More awareness needed to combat identity theft says MEP new European campaign and study launched

06 July 2006
Scottish National Party MEP Alyn Smith has today joined fellow MEPs from across Europe in an unprecedented EU wide campaign to raise awareness of identity theft.

The campaign has been launched with a report by one of the EU's leading experts on identity fraud, Professor Martin Gill, which highlights the need for better co-ordination and awareness raising amongst agencies and individual States of the EU.

Speaking from Strasbourg Alyn Smith MEP said "With the number of victims of identity fraud rising every year it is clear that more needs to be done to raise people's awareness of this issue. This report makes it clear that the government could and should do more to combat this growing problem.

"There needs to be a much stronger emphasis on informing people and businesses what action they can take to protect themselves. This should be done locally, nationally and internationally.

"I and other MEPs want to see work on id theft at the EU level. Identity theft can be a cross border crime. There is a need for more and better action, that is co-ordinated across the EU - from local authorities to member states we all have a role to play in combating this kind of fraud.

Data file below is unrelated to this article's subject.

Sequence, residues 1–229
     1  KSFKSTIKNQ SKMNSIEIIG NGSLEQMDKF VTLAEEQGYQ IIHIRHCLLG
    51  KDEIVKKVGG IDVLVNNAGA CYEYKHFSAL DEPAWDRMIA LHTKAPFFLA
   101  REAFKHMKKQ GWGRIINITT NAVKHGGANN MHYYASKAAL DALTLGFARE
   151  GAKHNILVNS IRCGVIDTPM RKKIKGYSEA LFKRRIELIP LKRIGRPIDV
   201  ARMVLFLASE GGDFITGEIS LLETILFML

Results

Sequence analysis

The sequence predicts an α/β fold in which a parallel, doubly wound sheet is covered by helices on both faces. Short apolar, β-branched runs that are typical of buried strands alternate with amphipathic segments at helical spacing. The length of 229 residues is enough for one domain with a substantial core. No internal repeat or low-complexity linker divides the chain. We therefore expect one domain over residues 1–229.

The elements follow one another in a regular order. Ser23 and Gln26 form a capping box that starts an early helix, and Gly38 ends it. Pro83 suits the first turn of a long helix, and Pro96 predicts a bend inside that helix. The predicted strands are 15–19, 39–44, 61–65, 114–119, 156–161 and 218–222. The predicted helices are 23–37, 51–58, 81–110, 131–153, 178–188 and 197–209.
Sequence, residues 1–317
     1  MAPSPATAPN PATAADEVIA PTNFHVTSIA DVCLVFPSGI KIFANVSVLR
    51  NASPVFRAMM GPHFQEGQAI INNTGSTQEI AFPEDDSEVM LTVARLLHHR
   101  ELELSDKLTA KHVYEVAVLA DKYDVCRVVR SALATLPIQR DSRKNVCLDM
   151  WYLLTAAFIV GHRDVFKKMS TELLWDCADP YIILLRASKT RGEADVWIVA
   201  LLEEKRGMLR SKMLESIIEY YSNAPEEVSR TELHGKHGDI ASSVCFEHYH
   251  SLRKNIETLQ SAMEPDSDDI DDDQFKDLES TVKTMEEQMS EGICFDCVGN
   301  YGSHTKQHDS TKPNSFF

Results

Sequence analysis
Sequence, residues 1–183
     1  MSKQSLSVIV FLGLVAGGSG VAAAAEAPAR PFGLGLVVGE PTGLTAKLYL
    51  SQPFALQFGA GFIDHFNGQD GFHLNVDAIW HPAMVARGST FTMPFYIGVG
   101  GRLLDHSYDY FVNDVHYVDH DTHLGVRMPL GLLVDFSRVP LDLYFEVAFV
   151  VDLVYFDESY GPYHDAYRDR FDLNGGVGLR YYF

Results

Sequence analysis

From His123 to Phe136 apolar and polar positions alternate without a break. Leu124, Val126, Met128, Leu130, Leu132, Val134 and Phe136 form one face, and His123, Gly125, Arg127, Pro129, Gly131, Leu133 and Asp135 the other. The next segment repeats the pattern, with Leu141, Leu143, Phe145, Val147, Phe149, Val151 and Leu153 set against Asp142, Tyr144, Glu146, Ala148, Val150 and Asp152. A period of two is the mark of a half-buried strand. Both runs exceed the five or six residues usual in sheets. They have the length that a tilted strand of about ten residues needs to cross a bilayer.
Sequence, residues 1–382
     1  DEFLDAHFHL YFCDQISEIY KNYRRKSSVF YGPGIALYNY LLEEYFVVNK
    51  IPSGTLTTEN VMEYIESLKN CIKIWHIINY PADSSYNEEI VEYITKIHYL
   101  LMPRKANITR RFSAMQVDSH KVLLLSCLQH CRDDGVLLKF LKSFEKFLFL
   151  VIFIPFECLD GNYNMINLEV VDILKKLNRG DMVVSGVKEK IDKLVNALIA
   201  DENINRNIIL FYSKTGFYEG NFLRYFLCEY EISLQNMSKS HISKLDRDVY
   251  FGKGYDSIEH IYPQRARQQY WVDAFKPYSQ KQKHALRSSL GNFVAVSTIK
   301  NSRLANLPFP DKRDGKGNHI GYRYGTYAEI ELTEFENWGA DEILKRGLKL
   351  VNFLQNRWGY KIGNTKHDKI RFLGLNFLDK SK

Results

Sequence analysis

"It is especially important now as people are going on holiday and often take less care of protecting their identity and have to use id documents like passports more frequently."

Professor Gill's report, looking at the UK, the Netherlands, France, Germany and the EU institutions, states that:

  • Identity offences are recognised as being a problem, but in many cases there is no official data on prevalence rates.
  • In all countries there is some activity to respond to identify offences. Basic information is in circulation although this could be more advanced. People need to be put on their guard, more awareness would facilitate this.
  • There is scope for more co-ordination in responding to identity theft and fraud. In the EU for example, there is a hive of activity but it is not clear whether all of the departments and units involved in developing responses are working in a coordinated fashion.
  • Whilst some countries view identity fraud as less of a problem than others, there are certainly no grounds for complacency when fighting such widespread and varied crimes as identity theft and identity fraud. Professor Gill concludes that
"Identity theft and fraud takes many forms. What we do know is that offenders find it easy and history has shown that they are effective at responding to opportunities, in the criminal world news travels fast. These are reasons enough to be on our guard. The evidence from this study suggests some encouraging signs but highlights the need for better co-ordination and awareness raising amongst agencies and the people of Europe."